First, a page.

Musical Theatre

Let’s talk about musical theatre and its role in perpetuating identity and inadequacy complexes in people who are already unhinged.

Every year at the Newman Center in Columbia, Mo., we put on a fundraising musical. The whole musical is student-written, produced and directed. I have been involved in the musical since I came to college. I was in it when I was a freshman, I wrote/adapted it when I was a sophomore and I was also in it. Last year as a junior, I co-wrote it and directed it. This year, I co-wrote it again and I am going to direct it as well. So it’s safe to say that I have a very long history with the Annual Newman Week Musical. I have been a part of it’s preparation and production for the past three years and a part of its leadership for the past two.

In addition to my experience with the Newman Musical, I have a fairly extensive theatre and acting background. I have been taking musical theatre, acting, and vocal lessons since I was 6 years old. I’ve been going to auditions for as long and I was in a commercial when I was 8 years old. Suffice it to say, I know my way around theatre, I know my way around public speaking and I know my way around auditions.

That being said, I have been rejected more times than I can count for all sorts of roles. I’ve auditioned for so many commercials and plays, I don’t remember half of them. I landed a few roles. Most of the time I didn’t. It was difficult the first few times, especially since I was 6 years old, but I gradually learned not to take the rejection personally. Hell, my freshman year when I auditioned for the Newman Musical I didn’t get a role until one of the original cast members dropped before winter break. Sami had to call me the week before I left after the first official read-through to ask me if I would step in instead. So trust me, I’m no stranger to rejection.

And let’s be honest. Rejection sucks. It makes you feel small, inadequate and all around not good. And, if you get rejected enough times at an early age, it can cause all sorts of complexes that will manifest themselves in awkward and kind of creepy ways when you get older. And that was me. I was all sorts of rejected when I was only 6 years old. I know what it feels like. I’ve felt it more times than I can count.

That being said, I thought that the receiving end was the worst. Little did I realize that the giving end was just as bad.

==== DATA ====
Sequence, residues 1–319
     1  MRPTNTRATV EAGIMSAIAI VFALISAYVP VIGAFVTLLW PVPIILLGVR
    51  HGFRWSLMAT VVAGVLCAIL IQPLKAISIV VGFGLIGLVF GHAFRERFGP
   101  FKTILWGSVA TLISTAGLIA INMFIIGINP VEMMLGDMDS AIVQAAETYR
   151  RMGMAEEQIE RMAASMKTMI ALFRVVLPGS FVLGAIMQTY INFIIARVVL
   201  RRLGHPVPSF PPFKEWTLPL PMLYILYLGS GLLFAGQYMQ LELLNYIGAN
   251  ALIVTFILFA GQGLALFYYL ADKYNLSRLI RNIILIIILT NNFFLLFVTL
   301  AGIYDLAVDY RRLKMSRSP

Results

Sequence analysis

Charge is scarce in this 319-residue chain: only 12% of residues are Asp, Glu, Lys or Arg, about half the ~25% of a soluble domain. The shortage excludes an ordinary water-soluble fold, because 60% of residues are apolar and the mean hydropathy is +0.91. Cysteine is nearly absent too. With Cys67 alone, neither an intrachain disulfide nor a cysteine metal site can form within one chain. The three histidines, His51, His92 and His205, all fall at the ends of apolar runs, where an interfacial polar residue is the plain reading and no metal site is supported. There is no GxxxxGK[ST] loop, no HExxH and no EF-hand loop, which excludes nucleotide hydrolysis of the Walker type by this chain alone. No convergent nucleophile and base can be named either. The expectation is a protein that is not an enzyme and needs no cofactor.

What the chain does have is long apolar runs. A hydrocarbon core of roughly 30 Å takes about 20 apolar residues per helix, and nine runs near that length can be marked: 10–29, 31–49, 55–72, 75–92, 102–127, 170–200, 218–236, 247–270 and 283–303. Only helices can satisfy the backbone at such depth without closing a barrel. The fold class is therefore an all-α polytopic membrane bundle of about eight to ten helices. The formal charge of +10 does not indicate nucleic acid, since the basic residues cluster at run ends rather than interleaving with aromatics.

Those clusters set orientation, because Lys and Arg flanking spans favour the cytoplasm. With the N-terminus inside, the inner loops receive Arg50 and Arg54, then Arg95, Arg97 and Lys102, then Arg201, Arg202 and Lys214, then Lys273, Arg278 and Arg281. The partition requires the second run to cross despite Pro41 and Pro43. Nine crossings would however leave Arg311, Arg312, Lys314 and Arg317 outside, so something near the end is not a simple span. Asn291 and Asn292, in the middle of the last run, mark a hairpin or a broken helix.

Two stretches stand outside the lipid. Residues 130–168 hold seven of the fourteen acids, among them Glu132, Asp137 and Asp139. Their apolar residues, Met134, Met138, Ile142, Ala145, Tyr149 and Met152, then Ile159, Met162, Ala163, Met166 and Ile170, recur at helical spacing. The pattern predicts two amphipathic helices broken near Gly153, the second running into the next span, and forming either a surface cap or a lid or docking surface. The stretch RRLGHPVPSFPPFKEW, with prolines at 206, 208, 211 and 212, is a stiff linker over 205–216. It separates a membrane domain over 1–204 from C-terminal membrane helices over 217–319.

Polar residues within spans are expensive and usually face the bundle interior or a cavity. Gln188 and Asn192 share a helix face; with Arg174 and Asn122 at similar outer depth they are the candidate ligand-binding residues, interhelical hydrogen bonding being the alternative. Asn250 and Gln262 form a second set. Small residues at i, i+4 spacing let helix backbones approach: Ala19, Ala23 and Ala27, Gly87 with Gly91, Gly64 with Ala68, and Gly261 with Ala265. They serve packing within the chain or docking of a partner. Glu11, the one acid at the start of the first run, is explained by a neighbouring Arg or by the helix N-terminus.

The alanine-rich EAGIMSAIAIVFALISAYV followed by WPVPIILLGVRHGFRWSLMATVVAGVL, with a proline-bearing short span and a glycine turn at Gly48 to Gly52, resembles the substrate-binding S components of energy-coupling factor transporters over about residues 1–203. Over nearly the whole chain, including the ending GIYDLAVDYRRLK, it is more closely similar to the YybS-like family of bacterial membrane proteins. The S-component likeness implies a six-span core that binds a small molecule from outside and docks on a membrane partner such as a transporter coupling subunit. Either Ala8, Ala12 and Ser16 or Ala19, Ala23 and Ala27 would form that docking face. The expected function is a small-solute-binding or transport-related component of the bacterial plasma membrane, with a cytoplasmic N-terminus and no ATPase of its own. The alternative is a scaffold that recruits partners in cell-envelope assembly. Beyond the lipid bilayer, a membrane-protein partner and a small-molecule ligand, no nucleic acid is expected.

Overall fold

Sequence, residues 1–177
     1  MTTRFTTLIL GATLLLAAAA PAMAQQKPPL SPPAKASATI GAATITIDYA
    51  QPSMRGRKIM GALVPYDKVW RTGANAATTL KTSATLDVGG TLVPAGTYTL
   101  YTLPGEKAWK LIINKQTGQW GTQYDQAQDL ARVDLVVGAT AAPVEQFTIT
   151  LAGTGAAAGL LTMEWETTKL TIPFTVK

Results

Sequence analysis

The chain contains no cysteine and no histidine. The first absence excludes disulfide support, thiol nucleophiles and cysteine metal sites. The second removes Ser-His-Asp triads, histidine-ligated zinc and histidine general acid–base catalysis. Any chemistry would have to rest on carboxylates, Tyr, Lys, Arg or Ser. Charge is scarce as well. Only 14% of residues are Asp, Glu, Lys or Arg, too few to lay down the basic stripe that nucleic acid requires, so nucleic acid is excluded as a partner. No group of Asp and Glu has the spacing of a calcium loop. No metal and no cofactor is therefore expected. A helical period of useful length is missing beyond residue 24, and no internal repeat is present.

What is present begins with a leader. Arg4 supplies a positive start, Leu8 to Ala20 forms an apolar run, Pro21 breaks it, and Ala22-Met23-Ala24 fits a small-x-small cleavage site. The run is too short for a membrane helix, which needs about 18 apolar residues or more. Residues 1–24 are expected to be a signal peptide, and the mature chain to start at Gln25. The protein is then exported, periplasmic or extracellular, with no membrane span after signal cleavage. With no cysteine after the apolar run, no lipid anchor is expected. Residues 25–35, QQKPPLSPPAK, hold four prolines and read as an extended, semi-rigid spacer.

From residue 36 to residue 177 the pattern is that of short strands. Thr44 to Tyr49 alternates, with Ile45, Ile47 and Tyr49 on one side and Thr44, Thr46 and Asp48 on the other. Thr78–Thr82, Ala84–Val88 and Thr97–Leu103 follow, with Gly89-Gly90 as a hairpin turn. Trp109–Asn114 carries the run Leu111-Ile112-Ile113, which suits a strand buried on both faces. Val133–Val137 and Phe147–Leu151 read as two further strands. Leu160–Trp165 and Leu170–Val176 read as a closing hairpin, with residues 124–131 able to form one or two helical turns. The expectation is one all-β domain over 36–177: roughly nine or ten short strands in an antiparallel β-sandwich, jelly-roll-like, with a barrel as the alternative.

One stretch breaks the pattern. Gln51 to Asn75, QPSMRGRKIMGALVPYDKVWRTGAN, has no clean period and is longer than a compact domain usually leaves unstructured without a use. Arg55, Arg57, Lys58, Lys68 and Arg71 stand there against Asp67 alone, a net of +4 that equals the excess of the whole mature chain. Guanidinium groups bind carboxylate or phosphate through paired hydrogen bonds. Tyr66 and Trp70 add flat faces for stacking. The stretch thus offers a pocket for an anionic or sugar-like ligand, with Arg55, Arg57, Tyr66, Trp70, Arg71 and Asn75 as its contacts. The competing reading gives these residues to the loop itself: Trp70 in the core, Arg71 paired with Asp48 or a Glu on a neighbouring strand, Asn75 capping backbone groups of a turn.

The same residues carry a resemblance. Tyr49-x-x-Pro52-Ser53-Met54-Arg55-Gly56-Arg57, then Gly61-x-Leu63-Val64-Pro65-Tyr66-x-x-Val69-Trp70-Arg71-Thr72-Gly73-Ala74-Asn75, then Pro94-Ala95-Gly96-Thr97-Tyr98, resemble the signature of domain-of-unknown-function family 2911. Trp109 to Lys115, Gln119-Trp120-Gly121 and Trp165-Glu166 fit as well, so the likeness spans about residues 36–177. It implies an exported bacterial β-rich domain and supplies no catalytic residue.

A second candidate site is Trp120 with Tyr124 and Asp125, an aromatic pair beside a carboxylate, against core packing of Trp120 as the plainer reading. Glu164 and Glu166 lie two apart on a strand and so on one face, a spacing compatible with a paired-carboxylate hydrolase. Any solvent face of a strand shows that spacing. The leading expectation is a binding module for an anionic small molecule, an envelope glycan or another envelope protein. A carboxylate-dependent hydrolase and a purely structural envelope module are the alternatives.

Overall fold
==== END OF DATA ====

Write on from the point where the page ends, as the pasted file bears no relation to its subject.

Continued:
Last year, just enough people auditioned that we were able to give everyone a part in the musical. Alas, this year was not the case. Seventeen people auditioned for an 11-person cast. There are six women in the cast. Guess how many women came to audition this year?

Twelve.

And it wasn’t like in my sophomore year when just one extra woman came to audition. They didn’t want to have to tell her no, so the directors called me in (I was the writer that year, remember) and asked me to create a new character on the fly. So I sat down with them as they made their casting calls and created a new character out of thin air. That was easy because it was just one extra person.

We couldn’t do that this year. We’d have to create six extra characters to accommodate everyone and I don’t know if you’ve seen Newman’s stage, but it is minuscule. Not to mention, it would completely screw up the entire musical structure.

So it was obvious that we were going to have to make some pretty substantial cuts, bigger than in years past. We had to cut six girls and unfortunately since I’m the director, I was charged with the happy task of calling them and letting them know.

What was worse was that some of these girls are my friends. I had to tell my friends (even people who were in it last year) that we couldn’t offer them a role. I could practically feel the disappointment radiating through the phone.

You know how much that sucks? It might be worse than being rejected.

But THE absolute worst is when people get angry with you for the rejection. Which is what I feel is happening right now. I seriously don’t know how people can do this all the time. If being a director was my main occupation, I’d literally rip my hair out. I’d be bald by now.

I guess I have to remind myself that this is just a CHURCH FUNDRAISER. In the grand scheme of things, IT REALLY SHOULDN’T MATTER.

And I hope that others can remember that as well.

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